Be honest with people

Hearing loss is extremely common. It’s crucial to let people know if you need help. There’s no harm in asking for:

  • People to slow down a little bit when speaking with you.
  • People to paraphrase and repeat what they said.
  • Conversations to happen in quieter areas of the get-together (more on this in a bit).

When people recognize that you’re dealing with hearing loss, they’re not as likely to become aggravated if you need something repeated more than once. As a result, communication tends to flow a little easier.

Find some quiet spaces for talking

You will always want to steer clear of certain subjects of conversation throughout the holidays. So you’re careful not to say anything that might offend people, but instead, wait for them to talk about any sensitive subject matter. Similarly, you should try to cautiously pick spaces that are quieter for conversations.

Handle it like this:

  • Try to sit with your back to a wall. That way, there’ll be less background noise for you to have to deal with.
  • Attempt to find brightly lit places for this same reason. If there isn’t sufficient light, you won’t be capable of picking up on contextual clues or read lips.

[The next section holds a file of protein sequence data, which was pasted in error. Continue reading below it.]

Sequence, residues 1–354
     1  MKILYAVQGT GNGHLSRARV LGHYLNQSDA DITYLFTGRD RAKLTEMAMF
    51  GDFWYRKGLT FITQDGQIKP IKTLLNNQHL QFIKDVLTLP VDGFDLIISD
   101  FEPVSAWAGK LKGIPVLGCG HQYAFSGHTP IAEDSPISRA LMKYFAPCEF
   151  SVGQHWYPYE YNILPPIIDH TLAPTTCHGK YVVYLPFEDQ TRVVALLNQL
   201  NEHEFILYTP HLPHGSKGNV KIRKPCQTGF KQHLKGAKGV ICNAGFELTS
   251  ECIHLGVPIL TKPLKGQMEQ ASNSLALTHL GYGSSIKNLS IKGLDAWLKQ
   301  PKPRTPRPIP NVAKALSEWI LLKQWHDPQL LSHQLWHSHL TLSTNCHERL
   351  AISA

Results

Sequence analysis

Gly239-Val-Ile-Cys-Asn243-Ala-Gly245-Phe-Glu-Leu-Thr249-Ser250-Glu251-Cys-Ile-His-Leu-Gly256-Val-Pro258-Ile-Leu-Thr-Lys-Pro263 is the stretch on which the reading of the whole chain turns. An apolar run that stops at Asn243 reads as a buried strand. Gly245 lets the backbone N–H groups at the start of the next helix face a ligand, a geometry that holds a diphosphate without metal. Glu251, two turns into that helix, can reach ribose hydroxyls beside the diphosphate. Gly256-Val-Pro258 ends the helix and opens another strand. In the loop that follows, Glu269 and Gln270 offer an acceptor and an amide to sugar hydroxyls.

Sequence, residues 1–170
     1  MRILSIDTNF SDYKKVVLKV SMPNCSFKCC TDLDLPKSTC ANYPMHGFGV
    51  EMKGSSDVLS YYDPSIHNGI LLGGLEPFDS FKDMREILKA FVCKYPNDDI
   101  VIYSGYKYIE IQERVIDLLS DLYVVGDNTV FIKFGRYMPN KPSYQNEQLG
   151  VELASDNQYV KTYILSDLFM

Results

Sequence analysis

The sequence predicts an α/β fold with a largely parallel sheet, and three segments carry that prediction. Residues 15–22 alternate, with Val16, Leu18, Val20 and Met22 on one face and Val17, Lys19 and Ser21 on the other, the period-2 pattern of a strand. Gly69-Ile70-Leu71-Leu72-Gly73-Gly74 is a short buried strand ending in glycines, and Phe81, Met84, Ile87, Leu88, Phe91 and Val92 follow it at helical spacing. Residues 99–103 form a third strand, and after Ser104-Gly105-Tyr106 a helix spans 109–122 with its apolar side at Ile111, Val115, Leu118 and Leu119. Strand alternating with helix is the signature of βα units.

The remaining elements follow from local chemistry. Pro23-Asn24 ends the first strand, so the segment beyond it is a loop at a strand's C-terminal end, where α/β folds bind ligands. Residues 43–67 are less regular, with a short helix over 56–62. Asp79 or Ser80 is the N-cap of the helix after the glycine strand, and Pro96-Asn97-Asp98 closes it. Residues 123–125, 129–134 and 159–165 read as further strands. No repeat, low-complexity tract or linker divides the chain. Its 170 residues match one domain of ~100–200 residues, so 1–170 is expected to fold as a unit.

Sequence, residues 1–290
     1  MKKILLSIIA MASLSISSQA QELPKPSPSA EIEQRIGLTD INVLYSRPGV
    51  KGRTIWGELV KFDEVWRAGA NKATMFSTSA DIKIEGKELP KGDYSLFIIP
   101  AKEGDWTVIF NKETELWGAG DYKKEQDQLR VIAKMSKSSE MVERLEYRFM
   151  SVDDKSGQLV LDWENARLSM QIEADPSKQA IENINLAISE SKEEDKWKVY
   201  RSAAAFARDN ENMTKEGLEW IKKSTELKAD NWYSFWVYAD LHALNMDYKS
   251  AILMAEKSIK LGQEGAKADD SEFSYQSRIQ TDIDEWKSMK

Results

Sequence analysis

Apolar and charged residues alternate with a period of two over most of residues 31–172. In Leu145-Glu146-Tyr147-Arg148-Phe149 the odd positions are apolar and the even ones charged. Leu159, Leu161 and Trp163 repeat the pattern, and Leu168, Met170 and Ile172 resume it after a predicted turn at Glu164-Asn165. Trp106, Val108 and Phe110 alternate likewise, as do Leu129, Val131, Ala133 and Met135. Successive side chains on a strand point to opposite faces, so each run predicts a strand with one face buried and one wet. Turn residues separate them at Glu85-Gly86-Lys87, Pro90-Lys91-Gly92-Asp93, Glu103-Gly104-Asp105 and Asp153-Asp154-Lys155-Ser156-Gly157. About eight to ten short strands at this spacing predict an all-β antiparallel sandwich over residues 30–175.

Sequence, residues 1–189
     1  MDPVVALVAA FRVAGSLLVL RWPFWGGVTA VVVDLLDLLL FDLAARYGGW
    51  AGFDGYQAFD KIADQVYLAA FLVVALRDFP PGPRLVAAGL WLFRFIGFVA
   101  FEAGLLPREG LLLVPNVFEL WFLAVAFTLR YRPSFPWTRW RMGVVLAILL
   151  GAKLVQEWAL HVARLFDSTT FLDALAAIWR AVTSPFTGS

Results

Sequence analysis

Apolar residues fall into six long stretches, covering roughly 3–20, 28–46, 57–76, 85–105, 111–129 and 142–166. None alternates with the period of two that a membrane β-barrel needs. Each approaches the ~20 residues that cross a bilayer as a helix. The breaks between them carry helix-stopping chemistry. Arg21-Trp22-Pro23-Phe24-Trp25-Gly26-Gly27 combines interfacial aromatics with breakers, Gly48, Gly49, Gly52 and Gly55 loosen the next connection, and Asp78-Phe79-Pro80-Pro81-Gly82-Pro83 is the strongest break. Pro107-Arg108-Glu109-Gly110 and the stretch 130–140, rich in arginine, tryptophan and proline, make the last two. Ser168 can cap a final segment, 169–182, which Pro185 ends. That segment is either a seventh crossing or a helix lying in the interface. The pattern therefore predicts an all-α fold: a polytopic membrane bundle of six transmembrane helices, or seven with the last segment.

• Try to find areas that have less activity and fewer people going by and distracting you. This’ll make it easier to focus on the lips of the individuals speaking with you (and help you read lips as a result).
  • There will be quieter spots in the home where you have conversations. Perhaps that means sneaking away from the noisy furnace or removing yourself from areas of overlapping conversations.

So what if you’re in the noisy kitchen, filling up your mug of hot chocolate, and your niece starts talking to you? There are a few things you can do in cases like these:

  • Politely start walking to an area of the gathering place where you can hear and concentrate better. And don’t forget to make her aware this is what you’re doing.
  • Ask your niece to continue the conversation someplace where it’s a little quieter.
  • If there’s music playing in the area, politely ask the host to turn the music down so you can hear your niece a little better.

Communicate with the flight crew

So, you’re thinking: what are the effects of hearing loss at family get-togethers that aren’t as apparent? Like the ones that catch you by surprise.